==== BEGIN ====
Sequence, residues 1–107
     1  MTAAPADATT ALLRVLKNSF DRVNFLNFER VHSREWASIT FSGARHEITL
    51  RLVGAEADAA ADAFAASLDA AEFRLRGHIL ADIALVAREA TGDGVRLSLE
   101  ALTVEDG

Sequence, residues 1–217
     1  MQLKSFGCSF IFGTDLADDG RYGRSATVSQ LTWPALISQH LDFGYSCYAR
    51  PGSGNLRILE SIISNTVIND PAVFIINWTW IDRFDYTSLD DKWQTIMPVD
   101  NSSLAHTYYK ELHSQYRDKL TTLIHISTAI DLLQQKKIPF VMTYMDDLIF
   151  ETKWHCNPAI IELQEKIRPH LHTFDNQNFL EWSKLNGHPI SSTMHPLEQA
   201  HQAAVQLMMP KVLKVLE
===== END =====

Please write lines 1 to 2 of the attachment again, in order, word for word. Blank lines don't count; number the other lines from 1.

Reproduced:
Sequence, residues 1–107
     1  MTAAPADATT ALLRVLKNSF DRVNFLNFER VHSREWASIT FSGARHEITL